This story is by Bridget Higdon, and was published on https://www.samessenger.com/ on July 24, 2023. You can view the original HERE
SWANTON — “Do you want to drop in on this box?” Gunner Yandow called to a group of young skaters.
A few shook their heads eagerly yes while others took a shy step backward.
Last Wednesday, the word of the day was “courage” during youth skateboarding lessons with the Chill Foundation in Swanton.
Hailey Dubuque, Chill’s Burlington program and community coordinator, said the lesson kicked off with a discussion of how important it is to be courageous enough to step out of your comfort zone and into the “growth zone.”
“The growth zone is where you challenge yourself while still feeling safe,” she said.
Chill and its team of adult mentors is in Swanton for three weeks this month teaching local kids how to skate at Marble Mill Park. Started in 1995 by Jake and Donna Carpenter, founders of Burton Snowboards, the foundation strives to remove barriers to accessing boardsports by providing youth with everything they need to get after it, at no cost.
Chill supplies participants with skateboards, pads and helmets, as well as drinks and snacks. Locally, Swanton Recreation and the Abenaki of Missisquoi helped coordinate the event.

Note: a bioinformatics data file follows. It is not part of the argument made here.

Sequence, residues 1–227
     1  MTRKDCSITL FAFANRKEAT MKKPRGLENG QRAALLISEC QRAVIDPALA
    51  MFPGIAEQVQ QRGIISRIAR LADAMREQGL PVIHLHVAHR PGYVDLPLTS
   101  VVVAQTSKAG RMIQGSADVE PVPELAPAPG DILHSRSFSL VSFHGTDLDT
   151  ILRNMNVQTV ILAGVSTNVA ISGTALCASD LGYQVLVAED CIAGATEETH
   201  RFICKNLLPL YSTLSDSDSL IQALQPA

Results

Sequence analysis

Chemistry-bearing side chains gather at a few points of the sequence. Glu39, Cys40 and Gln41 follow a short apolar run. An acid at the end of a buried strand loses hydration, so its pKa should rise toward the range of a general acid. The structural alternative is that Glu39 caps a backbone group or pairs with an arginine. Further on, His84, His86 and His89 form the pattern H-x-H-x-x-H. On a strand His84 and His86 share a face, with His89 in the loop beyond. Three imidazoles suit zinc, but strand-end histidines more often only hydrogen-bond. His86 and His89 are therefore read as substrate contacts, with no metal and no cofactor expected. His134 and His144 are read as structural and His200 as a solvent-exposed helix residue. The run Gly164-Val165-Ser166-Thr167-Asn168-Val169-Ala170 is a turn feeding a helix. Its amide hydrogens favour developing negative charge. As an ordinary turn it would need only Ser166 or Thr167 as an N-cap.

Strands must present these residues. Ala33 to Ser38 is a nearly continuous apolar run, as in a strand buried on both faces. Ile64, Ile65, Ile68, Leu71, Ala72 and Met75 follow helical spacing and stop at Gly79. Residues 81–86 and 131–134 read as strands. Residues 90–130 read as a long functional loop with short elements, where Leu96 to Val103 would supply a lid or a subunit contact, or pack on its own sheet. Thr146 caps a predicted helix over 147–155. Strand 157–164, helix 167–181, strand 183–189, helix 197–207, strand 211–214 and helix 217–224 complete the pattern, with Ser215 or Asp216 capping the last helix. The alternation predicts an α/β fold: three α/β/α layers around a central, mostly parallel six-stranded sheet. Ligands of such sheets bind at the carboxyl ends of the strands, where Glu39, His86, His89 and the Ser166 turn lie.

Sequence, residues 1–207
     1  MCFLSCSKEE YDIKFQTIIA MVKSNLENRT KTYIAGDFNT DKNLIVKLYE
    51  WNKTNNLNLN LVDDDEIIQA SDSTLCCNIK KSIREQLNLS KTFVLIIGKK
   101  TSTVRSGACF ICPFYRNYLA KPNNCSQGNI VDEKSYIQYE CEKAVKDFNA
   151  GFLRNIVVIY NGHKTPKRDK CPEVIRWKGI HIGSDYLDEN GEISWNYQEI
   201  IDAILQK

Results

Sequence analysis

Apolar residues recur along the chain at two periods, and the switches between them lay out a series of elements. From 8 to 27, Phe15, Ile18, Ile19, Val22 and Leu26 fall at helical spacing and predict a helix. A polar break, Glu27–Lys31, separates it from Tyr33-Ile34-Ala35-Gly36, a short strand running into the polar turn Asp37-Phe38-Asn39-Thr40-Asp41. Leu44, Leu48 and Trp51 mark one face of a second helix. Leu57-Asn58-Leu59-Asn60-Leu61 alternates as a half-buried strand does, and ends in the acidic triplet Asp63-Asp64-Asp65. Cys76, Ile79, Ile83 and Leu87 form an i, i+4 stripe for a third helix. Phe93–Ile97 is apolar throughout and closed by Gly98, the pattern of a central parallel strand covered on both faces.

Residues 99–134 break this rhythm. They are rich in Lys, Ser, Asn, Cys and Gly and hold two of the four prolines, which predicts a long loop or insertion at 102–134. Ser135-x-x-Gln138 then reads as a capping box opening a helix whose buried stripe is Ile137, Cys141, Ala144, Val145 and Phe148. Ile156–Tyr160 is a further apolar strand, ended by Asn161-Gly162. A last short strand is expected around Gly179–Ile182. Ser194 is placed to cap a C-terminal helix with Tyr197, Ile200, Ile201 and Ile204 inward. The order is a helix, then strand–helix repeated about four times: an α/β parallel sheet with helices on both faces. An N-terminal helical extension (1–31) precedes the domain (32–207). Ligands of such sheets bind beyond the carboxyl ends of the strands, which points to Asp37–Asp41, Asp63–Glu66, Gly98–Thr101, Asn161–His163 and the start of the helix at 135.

“This opportunity is made possible because of the great network of community partners Swanton has,” said Nicole Draper, Swanton’s rec director. “We want to make sure that all areas of interest have an opportunity to be explored. Skateboarding, in particular, is a lifetime sport and a great way to stay physically active.”
Faith Dubois, community health worker for the Abenaki, said she loves the self-confidence and physical skills the program gives to kids.
“And I like seeing the fun, positive interactions our youth have with the adult instructors and mentors,” she said.
Standing at the edge of the park clutching his skateboard, Jayce Wickam Keller, age 12, was working on not being scared of the banked wall, which other kids were using to drop into the park.
“The growth zone is a good thing,” he said. “It will help me get better at skateboarding.”
Yandow, who participated in Chill’s skateboarding program when he was a kid, provided advice and encouragement to each young skater, along with mentor Grace Brown and Dubuque.
Aidan Allen, age 11, said Chill’s instructors were helpful, and his favorite part of the sport so far is “going up hills and riding down.”
In addition to “courage,” the Chill program discusses five other core values: respect, patience, persistence, responsibility and pride.
“We are lucky to have the Chill Foundation to help educate our young people on how to be safe while skateboarding, but also to share their positive message, which empowers youth to be active and engaged members of our community,” Draper said.